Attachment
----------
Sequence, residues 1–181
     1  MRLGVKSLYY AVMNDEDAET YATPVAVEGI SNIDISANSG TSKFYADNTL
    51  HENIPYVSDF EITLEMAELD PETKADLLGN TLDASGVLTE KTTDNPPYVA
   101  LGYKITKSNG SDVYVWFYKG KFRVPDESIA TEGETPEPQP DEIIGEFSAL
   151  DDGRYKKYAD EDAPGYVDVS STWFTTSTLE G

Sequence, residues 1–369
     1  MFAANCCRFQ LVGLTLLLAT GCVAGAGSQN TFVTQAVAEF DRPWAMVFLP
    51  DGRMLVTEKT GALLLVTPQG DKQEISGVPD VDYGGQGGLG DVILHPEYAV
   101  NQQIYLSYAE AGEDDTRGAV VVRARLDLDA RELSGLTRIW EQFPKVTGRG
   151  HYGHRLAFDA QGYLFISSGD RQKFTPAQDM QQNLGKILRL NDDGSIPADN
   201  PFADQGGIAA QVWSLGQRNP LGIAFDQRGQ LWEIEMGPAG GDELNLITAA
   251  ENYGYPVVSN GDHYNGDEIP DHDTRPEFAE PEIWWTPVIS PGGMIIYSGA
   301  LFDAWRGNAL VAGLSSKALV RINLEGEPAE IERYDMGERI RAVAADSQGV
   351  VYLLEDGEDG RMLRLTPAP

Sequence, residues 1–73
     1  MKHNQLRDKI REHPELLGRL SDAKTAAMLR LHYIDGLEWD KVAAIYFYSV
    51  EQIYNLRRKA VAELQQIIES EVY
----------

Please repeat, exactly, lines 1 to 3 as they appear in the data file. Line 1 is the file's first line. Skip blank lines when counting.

Sequence, residues 1–181
     1  MRLGVKSLYY AVMNDEDAET YATPVAVEGI SNIDISANSG TSKFYADNTL
    51  HENIPYVSDF EITLEMAELD PETKADLLGN TLDASGVLTE KTTDNPPYVA